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A shipping container is identified by both its type and size. All ISO containers are either one-trip containers, used containers, or purpose-built containers. They might be 10-feet, 20-feet, or 40-feet long, at either a standard height of 8.6 feet or a high cube height of 9’6” feet. To better understand the different types of containers, let’s take a closer look at the options.
True to their name, one trip containers have made just one journey across the ocean. These types of containers are used only once as cargo boxes and then sold or discarded. They exist largely because the United States imports much more than they export, and it’s more cost-effective for shipping services to create new containers than to ship an empty container back to Asia for reloading.
Because these containers have made only one trip, they have significantly less wear and tear than their more seasoned counterparts. One trip containers are preferred by most companies because they’re as close to new as you can get. Therefore, you may hear some people refer to one-trip containers as “new” containers.
“Used” containers have spent up to 15 years at sea carrying goods around the world. Their experience often shows on their exterior with more signs of wear and tear when compared to one-trip containers. These types of containers have larger dents, rust patches, and sometimes logos from the original manufacturer. Used containers cost less and are arguably more eco-friendly than one-trip containers because they’ve had long careers traveling at sea. However, they may not always be ideal to repurpose as container structures.
Some used containers accumulate a lot of rust and dents over time, causing the container walls to warp. Patchy floors and unpleasant odors are not uncommon. If one of our customers is considering a used container, we thoroughly evaluate whether it will be a good fit before beginning modifications.
Purpose-built containers are custom steel boxes fabricated to order. They may look similar to ISO containers, but their dimensions often vary outside the standardized sizes. Some companies opt for purpose-built containers if they need an extremely custom structure. They’re significantly more expensive than one-trip containers, but the cost may be justified if the end-user has precise specifications that can’t be met by standard containers.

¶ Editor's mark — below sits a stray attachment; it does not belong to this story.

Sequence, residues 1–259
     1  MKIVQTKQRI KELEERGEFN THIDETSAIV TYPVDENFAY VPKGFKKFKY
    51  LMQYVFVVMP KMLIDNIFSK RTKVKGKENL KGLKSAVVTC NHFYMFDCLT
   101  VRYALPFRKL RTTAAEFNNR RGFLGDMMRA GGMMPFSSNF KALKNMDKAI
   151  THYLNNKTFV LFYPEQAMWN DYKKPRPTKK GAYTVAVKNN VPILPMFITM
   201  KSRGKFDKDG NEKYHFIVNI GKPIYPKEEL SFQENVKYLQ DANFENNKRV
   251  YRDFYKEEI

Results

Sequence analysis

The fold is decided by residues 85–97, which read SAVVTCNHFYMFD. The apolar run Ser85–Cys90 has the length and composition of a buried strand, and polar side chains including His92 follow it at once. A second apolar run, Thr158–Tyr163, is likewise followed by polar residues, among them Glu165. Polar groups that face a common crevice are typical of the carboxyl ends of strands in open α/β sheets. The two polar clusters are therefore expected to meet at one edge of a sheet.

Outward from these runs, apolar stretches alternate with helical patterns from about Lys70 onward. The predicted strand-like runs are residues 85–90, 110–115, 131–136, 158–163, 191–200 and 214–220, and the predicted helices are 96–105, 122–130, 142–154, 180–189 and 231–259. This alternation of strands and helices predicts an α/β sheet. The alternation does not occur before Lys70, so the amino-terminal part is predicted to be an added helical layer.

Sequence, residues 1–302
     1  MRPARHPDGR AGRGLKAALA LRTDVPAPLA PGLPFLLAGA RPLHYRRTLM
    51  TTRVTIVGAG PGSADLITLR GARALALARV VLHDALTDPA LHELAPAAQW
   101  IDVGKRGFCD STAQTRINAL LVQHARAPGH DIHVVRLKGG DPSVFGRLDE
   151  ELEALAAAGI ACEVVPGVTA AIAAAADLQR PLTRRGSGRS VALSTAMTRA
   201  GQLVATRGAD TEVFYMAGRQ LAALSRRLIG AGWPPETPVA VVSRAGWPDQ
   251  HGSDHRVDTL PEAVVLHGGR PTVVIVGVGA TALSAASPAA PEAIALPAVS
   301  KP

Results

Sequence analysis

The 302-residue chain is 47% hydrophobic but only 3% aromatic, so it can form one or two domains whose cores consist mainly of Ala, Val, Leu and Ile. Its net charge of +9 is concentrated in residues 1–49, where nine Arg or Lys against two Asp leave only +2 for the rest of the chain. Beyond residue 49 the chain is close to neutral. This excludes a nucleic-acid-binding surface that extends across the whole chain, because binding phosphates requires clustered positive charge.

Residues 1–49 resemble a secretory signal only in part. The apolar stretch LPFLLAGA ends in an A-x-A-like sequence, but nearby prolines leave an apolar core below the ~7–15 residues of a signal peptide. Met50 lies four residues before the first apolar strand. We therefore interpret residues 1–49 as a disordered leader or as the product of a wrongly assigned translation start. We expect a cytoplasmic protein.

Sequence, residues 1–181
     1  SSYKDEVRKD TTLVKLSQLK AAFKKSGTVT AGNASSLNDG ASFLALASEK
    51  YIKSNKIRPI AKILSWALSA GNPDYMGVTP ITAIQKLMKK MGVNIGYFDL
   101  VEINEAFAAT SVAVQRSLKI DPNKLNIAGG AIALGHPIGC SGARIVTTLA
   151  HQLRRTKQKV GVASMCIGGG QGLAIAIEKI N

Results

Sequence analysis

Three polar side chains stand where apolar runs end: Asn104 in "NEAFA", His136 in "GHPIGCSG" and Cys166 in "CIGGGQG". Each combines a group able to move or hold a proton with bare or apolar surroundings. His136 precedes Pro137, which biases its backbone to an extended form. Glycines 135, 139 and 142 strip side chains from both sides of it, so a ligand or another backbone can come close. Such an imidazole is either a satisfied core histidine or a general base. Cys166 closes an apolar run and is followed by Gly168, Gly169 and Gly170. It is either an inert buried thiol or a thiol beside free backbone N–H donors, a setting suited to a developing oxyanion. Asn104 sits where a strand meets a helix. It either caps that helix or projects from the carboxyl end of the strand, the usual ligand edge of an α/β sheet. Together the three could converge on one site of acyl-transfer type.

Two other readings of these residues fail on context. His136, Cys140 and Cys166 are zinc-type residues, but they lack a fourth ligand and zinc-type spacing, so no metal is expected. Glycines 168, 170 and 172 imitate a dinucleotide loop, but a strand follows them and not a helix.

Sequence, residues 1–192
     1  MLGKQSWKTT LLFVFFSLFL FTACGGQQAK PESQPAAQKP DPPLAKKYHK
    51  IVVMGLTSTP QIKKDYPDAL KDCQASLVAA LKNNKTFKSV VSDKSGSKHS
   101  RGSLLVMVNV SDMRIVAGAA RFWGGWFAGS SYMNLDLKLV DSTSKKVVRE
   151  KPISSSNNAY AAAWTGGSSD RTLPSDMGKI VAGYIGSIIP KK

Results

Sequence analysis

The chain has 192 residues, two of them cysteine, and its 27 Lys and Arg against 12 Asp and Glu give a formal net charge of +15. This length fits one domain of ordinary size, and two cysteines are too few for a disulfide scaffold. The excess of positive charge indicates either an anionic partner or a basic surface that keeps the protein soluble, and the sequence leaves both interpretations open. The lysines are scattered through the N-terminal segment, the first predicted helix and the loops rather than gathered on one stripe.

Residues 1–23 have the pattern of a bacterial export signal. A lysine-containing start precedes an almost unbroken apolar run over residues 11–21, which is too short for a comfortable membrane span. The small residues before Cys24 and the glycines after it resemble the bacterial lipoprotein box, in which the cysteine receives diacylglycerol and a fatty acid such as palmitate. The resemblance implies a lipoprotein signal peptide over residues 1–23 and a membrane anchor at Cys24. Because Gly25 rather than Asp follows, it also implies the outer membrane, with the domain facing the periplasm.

Most types of shipping containers are either 20-feet long or 40-feet long. 10-foot containers are available, but they are less common. ISO containers that are 45-feet and 53-feet long do exist, but they’re very difficult to find and often unavailable when required.
In the case that a more obscure-sized container is needed—say a 14-foot container—Falcon can cut a 20-foot container and weld the end cap back on. Similarly, containers can be combined to create longer structures as needed.
High cube containers are 9.6 feet tall, which is one foot taller than a standard container. The higher ceilings make them ideal for living spaces and offices, adding an extra foot for comfort. Industrial enclosures made from high cube containers offer more circulation for equipment radiating a lot of heat.
Type of Containers
What is it?
When to use it
|One Trip||A container that has only carried cargo once; the newest container available.||One-trip containers can be used for just about every application.|
|Used||A container that has carried cargo for up to 15 years before being retired.||Used containers are best for basic storage functions with minimal modifications.|
A custom steel box fabricated to exact specifications.
|Companies in need of a highly customized structure choose purpose-built containers.|
|High Cube||A 9’6” tall shipping container, a foot taller than standard shipping containers.||The higher ceilings make high cube containers ideal offices, living spaces, and equipment enclosures.|
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